From his earliest works, Georges Rouault selected subjects that combined a strong religious conviction together with a concern for suffering humanity. This lecture offers an overview of Rouault's work, including his paintings, prints, and stained-glass. It presents Rouault as an artist who, from his early work through his mature work, remained concerned about the disadvantaged, the outsiders, and the victims of war, and who linked all of these people to the suffering of Christ. In this way, Rouault’s engagement with the world was not so much political (although one can find political tones in his work) as it was sacred. It involved the totality of who we are—corporeal and spiritual.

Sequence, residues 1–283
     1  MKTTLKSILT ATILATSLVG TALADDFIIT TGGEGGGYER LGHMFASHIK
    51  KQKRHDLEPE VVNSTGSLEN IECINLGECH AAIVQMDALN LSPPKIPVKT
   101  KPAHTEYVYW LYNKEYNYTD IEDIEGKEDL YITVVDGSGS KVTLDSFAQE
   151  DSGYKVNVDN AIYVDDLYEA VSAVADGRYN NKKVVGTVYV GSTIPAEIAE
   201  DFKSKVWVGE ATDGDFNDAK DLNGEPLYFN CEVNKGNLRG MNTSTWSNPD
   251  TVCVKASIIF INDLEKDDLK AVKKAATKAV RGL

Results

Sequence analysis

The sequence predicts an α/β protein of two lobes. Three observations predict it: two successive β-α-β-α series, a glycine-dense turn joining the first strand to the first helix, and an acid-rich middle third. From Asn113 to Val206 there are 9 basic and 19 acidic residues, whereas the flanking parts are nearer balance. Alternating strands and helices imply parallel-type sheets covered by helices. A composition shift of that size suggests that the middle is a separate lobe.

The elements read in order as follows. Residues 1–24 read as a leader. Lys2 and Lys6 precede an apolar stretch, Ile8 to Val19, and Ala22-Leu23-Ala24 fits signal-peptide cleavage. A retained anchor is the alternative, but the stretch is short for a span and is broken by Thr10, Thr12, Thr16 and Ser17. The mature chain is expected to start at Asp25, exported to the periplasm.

Terrence E. Dempsey, S.J., is the Founding Director of the Museum of Contemporary Religious Art (MOCRA) at Saint Louis University in St. Louis, Missouri. He is also May O’Rourke Jay Endowed Teaching Chair in Art History and Religion at Saint Louis University. Dempsey has curated over fifty-five exhibitions and is the author of numerous articles and a frequent lecturer. Learn more about the lecture at slu.edu/x47162.xml

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